How to be efficient and successful in your studies – OurWarwick

How to be efficient and successful in your studies

Lewis Chinchen | Philosophy, Politics and Economics Contact Lewis


We all come to university to do well in our studies and get good grades – at least that is what we tell ourselves. Although much of it comes down to hard work and simply putting the hours in, it is important that all of us from time to time review the way we study to see if there are any improvements we can make. As a PPE student, I will be writing this from my experience of my degree and although much of the advice I give can be transferred to other courses, some of it may not be applicable to every degree.


Whether to attend a lecture or not is a big dilemma for us students and far too often, we tend to opt not to go. Lecture capture does have an important role to play and can be good for lectures which are quite complicated and where you need to frequently pause the audio to make notes or think about what has just been said. However, there is a danger that not going to a couple of lectures a week may turn into deciding not to attend the vast majority of them. Even though lecture capture is available, that still requires you to actually take the time to watch the lecture. It is very easy to forget about lectures you’ve missed and to not catch up on them with lecture capture. And the more lectures which are missed, the more difficult it is to contribute in seminars, understand future lectures and do independent study in your own time. So yes, although missing a couple of lectures here and there is probably not going to matter that much, it’s probably not a good idea to make it a regular occurrence.


With a PPE degree and with many other degrees too, success in your modules relies upon you doing the required reading in your own time and making the appropriate notes. Since a lot of the required readings tend to be available online for free, there is not really much of an excuse for not doing them. Having said that, not doing the readings or starting them but not finishing them is an easy thing to get used to. As long as you set a certain amount of time for independent reading or study each day, the required readings will not be an issue. They only become an issue when they’re left to the last minute or they are not attempted at all. Nobody expects you to read absolutely everything on a topic including the further readings. Further readings are only really necessary if you are planning on writing an essay or doing an exam question on that topic. Otherwise, the required readings should be sufficient. Even the required readings for each module can be lengthy and so in order to maintain efficiency, read the introduction and conclusion as well as any other important parts in depth and then skim-read the rest.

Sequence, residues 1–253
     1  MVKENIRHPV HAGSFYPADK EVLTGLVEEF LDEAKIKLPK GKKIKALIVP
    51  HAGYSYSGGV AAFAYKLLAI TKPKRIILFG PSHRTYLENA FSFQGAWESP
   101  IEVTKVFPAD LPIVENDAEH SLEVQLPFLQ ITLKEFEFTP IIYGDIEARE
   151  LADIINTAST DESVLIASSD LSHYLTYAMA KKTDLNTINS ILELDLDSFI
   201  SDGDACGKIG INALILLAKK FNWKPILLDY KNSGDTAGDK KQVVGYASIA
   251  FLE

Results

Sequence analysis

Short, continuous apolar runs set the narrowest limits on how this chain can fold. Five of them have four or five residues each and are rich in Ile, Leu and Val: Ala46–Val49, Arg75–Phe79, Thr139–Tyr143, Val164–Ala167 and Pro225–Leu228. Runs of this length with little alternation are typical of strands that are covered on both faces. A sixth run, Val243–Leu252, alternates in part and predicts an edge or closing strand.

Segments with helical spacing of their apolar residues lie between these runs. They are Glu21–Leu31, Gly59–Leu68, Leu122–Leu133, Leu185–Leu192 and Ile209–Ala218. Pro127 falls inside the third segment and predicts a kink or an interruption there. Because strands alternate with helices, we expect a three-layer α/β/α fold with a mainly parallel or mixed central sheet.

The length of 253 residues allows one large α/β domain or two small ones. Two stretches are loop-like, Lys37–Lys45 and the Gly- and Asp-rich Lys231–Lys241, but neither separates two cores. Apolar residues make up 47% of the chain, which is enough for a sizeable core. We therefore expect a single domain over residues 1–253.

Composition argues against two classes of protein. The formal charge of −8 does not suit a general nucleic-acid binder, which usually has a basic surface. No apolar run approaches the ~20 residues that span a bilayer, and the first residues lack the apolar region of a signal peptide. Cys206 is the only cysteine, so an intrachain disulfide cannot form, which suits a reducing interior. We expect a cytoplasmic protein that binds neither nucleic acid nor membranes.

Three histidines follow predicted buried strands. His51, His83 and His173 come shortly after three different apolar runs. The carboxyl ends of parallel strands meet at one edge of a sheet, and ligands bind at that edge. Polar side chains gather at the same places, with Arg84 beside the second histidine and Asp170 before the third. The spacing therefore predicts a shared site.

With regards to note-taking, balance is absolutely crucial. Extensive notes, by which I mean practically re-writing the textbook, is a poor use of time. Not only does this take forever and prevent you from actually absorbing yourself within a reading but it is also not that helpful with regards to revision. You are much better off reading the reading, or a certain part of it, thinking about how to summarise it and then writing this summary in note-form. This way, you are thinking about the reading more rather than just copying it down and having more concise notes will make it easier to revise from them for your exams. So taking notes is a good idea to ensure what you are reading is actually going in but keeping them concise forces you to understand the reading much better.


One final point relates to seminars. Seminars are a great opportunity to develop your understanding of a particularly topic or to get your head around something which confused you in the lecture the previous week. However, seminars don’t tend to be that useful if you haven’t read the required readings beforehand and if you don’t contribute. Being able to talk comfortably on a particular topic in front of other people is one of the best ways to confirm that you do actually understand the content. Not only that but talking in seminars will prepare you much better for things unrelated to your degree, for example when you go to assessment centres when applying for internships.

Attend lectures, contribute in seminars, always do the required readings, take relatively concise notes and you will be fine! All it comes down to really most of the time is hard-work and effort. If you have the determination to succeed in your studies, then the chances are you will.

Lewis Chinchen | Philosophy, Politics and Economics Contact Lewis

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